These issues have generated renewed interest in switches with lower cost, such as input-buffered switches. One of the most popular interconnection networks for building non-blocking input-buffered switches is the crossbar. An input-buffered crossbar with speedup of one has the crossbar fabric running at a speed equal to the link rate. This implies that in a crossbar switch with speedup of one, at most one packet can leave a given input port at a given time, and at most one packet can enter any output at any given time. All buffering in such a crossbar is located at the input ports of the switch. If each input port maintains a single FIFO queue, however, packets suffer from head of line (HOL) blocking. This limits the maximum throughput achievable. To eliminate HOL blocking, virtual output queues (VOQs) have been proposed. Inputs ports with VOQs have a bank of queues, with one queue per output port. Packets are stored in random access buffers at the input ports. In practice, however, only pointers to the data need to be stored in the respective VOQs.
Since there could be contention at the input and output ports if more than one input port has data for the same output port, there is a necessity for an arbitration algorithm to schedule packets between various input and output ports. A paper by N. McKeown, V. Anantharam and J. Warland, entitled “Achieving 100% Throughput in an Input-Queued Switch,” Proc. INFOCOM, March 1996, pp. 296-302, showed that an input-buffered network device with VOQs supposedly can provide 100% throughput using a weighted maximum bipartite matching algorithm (defined therein). However, the complexity of the best known weighted maximum matching algorithm is too high for a high speed implementation.
Over the years, a number of maximal matching algorithms have been proposed. Details of these algorithms and the definition of maximal matching may be had with reference to the following papers: T. Anderson, S. Owicki, J. Saxe, C. Thacker, “High Speed Switch Scheduling for Local Area Networks,” Proc. Fifth Intl. Conf. On Architectural Support for Programming Languages and Operating Systems, October 1992, pp. 98-110; and N. McKeown, “Scheduling Algorithms for Input-Queued Cell Switches,” Ph.D. Thesis, Univ. of California, Berkeley, May 1995. However, none of the disclosed algorithms matches the performance of an output-buffered network device.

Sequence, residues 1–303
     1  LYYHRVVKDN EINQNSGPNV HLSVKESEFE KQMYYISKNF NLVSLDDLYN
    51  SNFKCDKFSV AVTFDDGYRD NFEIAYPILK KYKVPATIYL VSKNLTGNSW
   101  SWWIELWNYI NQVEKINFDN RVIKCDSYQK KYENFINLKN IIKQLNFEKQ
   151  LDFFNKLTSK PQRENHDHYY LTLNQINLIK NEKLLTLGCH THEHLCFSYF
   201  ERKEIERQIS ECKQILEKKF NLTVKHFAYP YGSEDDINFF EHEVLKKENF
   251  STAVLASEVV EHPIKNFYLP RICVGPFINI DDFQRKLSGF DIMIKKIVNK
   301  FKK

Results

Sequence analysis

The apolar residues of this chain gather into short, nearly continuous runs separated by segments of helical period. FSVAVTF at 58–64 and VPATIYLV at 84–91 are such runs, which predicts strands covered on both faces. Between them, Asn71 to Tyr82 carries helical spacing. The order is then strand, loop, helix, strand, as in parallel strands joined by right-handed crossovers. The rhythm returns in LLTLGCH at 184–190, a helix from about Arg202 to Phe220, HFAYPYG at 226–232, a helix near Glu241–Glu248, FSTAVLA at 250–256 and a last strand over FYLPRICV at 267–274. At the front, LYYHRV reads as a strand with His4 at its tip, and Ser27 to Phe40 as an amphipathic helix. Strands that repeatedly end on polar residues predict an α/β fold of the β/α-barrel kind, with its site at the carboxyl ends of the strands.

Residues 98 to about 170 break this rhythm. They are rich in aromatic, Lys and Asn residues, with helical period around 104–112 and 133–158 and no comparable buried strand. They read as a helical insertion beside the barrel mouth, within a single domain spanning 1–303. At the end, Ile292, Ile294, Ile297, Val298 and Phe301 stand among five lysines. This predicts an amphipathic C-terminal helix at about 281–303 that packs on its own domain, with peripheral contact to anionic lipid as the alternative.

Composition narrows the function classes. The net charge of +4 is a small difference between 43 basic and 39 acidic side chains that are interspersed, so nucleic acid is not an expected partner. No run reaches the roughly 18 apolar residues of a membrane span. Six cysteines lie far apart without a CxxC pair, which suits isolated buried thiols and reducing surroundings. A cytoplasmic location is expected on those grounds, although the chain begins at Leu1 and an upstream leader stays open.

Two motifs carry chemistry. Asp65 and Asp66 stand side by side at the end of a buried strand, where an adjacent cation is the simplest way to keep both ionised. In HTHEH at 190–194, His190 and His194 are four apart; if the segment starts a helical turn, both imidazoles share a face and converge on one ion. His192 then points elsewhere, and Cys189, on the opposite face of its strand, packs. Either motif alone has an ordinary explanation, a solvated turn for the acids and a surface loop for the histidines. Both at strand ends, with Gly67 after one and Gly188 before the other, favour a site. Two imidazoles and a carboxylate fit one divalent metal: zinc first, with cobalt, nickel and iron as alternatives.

Increasing the speedup of the switch fabric has also been proposed as one of the ways to improve the performance of an input-buffered switch. However, when the switch fabric has a higher bandwidth than the links, buffering is required at the output ports also. Thus, a combination input-buffered and output-buffered network device is required—a CIOB network device (Combined Input and Output Buffered). It has been shown that a CIOB switch is more suitable for providing throughput and delay guarantees than an input-buffered crossbar switch without speedup.
Integrated Services Networks
In the field of Integrated Services Networks, the importance of maintaining Quality of Service (QoS) guarantees for individual traffic streams (or flows) is generally recognized. Thus, such capability continues to be the subject of much research and development. Of particular interest for a system providing guaranteed flows are the guarantees associated with bandwidth and delay properties. These guarantees must be provided to all flows abiding by their service contract terms negotiated at connection setup, even in the presence of other misbehaving flows, i.e., those flows not abiding by their service contract terms.
Different methods have been developed to provide such guarantees in non-blocking switch architectures such as output-buffered or shared memory switches. Several algorithms providing a wide range of delay guarantees for non-blocking architectures have been disclosed in the literature. See, for example, A. Parekh, “A Generalized Processor Sharing Approach to Flow Control in Integrated Services Networks”, MIT, Ph.D. dissertation, June 1994; J. Bennett and H. Zhang, “WF2Q—Worst-case Fair Weighted Fair Queuing”, Proc. IEEE INFOCOM'96; D. Stiliadis and A. Varma, “Frame-Based Fair Queuing: A New Traffic Scheduling Algorithm for Packet Switch Networks”, Proc. IEEE INFOCOM '96; L. Zhang, “A New Architecture for Packet Switched Network Protocols,” Massachusetts Institute of Technology, Ph.D. Dissertation, July 1989; and A. Charny, “Hierarchical Relative Error Scheduler: An Efficient Traffic Shaper for Packet Switching Networks,” Proc. NOSSDAV '97, May 1997, pp. 283-294.
Schedulers capable of providing bandwidth and delay guarantees in non-blocking architectures are commonly referred to as “QoS-capable schedulers”.
Typically, as described above, output-buffered or shared memory non-blocking architectures require the existence of high-speed memory. For example, an output-buffered switch requires that the speed of the memory at each output must be equal to the total speed of all inputs. Unfortunately, the memory speed available with current technology has not kept pace with the rapid growth in demand for providing large-scale integrated services networks. Because there is a growing demand for large switches with total input capacity on the order of tens and hundreds of Gb/s, building an output-buffered switch at this speed has become a daunting task given the present state of memory technology. Similar issues arise with shared memory switches as well.